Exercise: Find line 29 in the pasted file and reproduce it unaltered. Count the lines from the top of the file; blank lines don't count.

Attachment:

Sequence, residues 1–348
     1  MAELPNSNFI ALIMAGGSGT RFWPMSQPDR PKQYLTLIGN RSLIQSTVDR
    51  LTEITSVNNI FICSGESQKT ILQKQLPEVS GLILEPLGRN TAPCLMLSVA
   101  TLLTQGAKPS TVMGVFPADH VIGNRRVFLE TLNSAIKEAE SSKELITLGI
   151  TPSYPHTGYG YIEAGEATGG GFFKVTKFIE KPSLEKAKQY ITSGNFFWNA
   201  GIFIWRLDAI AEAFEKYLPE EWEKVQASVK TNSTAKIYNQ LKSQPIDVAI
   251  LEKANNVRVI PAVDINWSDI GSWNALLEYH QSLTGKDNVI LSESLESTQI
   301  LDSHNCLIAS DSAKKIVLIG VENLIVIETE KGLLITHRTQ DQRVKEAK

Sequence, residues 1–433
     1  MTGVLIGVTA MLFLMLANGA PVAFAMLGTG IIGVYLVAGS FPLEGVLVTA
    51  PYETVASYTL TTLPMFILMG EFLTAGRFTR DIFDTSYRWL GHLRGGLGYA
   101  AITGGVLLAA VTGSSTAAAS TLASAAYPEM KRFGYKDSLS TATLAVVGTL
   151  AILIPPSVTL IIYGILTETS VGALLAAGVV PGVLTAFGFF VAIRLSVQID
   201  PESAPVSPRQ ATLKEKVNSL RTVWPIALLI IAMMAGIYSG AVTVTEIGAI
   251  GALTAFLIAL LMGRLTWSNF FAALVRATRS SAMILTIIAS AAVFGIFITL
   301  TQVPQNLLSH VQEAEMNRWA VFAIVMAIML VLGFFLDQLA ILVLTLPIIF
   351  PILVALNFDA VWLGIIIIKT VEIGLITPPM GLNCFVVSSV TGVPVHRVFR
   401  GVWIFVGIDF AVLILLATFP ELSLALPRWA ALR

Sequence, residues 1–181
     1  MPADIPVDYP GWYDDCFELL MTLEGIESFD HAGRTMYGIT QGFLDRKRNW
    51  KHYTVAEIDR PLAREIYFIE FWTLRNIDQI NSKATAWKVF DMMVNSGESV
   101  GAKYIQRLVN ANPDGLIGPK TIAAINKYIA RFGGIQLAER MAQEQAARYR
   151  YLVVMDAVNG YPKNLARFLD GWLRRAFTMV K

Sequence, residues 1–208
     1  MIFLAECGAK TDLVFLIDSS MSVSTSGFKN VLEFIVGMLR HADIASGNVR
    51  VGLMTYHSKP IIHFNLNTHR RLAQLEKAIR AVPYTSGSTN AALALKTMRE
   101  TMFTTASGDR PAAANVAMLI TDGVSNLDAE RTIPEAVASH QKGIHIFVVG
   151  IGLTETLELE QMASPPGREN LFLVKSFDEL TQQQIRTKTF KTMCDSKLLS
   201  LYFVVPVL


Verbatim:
   201  LYFVVPVL